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The McMath-Pierce Solar Telescope observed the Sun by day, but during the Apollo program it was also used at night to give Apollo astronauts unique views of the Moon. (credit: NoobX at English Wikipedia)

Astronomers and Apollo

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Getting two Americans—Neil Armstrong and Buzz Aldrin—on the surface of the Moon 50 years ago this month required the efforts of tens of thousands of others. There were the engineers who designed the launch vehicles and spacecraft, the workers who built them, the staff of Mission Control who oversaw the missions, and those who did all the other support work, from accountants to secretaries to janitors, to make it all possible.

Oh, and a few astronomers and other scientists as well.

“It's one thing to go to the Moon and plant the flag and thumb our nose at the Russians and come back, but what a wasted opportunity if we don’t do science,” Schindler said, recalling the views of Shoemaker.

The Apollo program, of course, wasn’t done principally for science, even if the astronauts on those missions did outstanding science, collecting lunar rocks that are still being studied today. (NASA recently selected several teams of scientists to study lunar samples unopened since their collection on the Moon, taking advantage of decades of advances in laboratory instrumentation.) A few scientists fought to get as much science out of the missions as possible.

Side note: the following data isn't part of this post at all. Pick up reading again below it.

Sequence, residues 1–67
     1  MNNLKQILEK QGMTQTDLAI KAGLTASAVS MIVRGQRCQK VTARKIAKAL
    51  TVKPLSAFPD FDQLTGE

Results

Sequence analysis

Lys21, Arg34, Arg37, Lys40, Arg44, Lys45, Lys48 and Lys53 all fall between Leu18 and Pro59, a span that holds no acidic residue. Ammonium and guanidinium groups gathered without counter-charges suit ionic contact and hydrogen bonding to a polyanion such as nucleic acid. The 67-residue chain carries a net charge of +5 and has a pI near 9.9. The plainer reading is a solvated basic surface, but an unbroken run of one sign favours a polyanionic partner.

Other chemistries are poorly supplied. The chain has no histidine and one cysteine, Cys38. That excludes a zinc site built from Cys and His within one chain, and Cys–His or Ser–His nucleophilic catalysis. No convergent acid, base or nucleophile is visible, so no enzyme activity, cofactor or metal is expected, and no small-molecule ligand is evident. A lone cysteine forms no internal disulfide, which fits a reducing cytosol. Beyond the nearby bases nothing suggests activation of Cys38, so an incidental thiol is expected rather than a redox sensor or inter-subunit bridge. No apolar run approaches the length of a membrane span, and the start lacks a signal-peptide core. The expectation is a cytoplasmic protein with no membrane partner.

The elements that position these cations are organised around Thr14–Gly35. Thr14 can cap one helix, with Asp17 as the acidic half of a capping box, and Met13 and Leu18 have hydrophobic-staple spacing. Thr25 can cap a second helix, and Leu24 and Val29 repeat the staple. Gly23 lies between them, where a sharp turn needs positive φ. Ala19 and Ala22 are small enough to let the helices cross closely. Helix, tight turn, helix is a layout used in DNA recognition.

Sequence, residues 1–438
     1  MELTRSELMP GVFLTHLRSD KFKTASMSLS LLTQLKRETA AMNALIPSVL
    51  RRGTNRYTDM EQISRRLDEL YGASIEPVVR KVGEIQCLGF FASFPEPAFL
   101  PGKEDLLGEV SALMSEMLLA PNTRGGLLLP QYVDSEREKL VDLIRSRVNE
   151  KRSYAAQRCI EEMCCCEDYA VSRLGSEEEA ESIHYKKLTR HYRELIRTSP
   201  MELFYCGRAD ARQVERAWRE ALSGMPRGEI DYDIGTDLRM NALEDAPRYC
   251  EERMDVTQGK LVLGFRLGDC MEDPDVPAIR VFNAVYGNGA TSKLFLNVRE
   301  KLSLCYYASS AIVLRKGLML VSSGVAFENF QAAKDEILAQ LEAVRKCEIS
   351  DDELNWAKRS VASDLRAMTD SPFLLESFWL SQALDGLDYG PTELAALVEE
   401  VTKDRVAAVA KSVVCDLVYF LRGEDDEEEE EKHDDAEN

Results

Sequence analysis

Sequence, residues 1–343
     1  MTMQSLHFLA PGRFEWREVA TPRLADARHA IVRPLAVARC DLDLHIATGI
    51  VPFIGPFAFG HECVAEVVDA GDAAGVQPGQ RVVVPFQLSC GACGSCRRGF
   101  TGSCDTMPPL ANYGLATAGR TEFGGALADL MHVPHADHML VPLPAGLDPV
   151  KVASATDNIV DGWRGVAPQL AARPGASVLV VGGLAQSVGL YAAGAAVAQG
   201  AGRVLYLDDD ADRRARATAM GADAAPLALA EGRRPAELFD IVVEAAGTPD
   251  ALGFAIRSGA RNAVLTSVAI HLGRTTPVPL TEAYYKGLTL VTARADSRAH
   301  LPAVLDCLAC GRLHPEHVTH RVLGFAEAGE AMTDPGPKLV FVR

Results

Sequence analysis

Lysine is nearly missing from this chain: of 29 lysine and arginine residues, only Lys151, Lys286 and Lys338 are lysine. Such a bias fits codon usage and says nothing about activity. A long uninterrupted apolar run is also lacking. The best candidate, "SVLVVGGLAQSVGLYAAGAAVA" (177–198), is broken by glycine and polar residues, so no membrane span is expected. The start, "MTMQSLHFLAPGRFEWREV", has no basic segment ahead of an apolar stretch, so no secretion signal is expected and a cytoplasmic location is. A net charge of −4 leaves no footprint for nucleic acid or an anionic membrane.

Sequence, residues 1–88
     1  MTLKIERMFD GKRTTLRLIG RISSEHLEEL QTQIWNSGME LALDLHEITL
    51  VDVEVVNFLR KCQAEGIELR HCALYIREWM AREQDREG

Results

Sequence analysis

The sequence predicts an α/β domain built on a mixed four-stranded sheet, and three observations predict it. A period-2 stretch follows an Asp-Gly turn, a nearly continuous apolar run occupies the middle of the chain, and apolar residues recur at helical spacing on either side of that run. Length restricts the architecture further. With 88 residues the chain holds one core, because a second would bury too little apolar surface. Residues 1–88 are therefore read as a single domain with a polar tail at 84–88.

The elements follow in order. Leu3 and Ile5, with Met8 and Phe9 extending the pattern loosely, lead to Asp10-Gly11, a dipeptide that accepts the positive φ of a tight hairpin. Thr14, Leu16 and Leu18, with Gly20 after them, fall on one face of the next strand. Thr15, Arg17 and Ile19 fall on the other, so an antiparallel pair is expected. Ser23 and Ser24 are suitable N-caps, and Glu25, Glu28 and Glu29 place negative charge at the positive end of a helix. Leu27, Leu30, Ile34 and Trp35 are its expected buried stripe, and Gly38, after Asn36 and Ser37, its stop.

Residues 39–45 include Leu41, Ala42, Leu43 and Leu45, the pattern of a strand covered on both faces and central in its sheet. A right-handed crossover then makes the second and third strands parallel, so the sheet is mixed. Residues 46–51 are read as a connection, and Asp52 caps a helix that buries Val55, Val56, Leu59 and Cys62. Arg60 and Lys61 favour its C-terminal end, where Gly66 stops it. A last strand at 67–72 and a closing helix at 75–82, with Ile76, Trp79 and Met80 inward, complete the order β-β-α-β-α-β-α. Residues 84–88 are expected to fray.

“It's one thing to go to the Moon and plant the flag and thumb our nose at the Russians and come back, but what a wasted opportunity if we don’t do science,” said Kevin Schindler, historian at Lowell Observatory in Flagstaff, Arizona. He was recalling the thoughts of Eugene Shoemaker, the planetary geologist who led efforts to provide field geology training for the Apollo astronauts.

Much of that training took place in northern Arizona, taking advantage of features like Meteor Crater and the volcanic Sunset Crater. “Northern Arizona became the center point because you had the best-preserved impact crater to study, and you had these volcanic fields,” he said. They also went to Lowell Observatory in Flagstaff, examining lunar maps and comparing the features depicted on them with what they saw in the field.

Where the geology didn’t exist, they created it. Schindler said that to train astronauts how to work in a crater field, the US Geological Survey decided to plant explosives into a flat cinder field near Sunset Crater. That effort was a success he said, and that field, and another one, still exist today.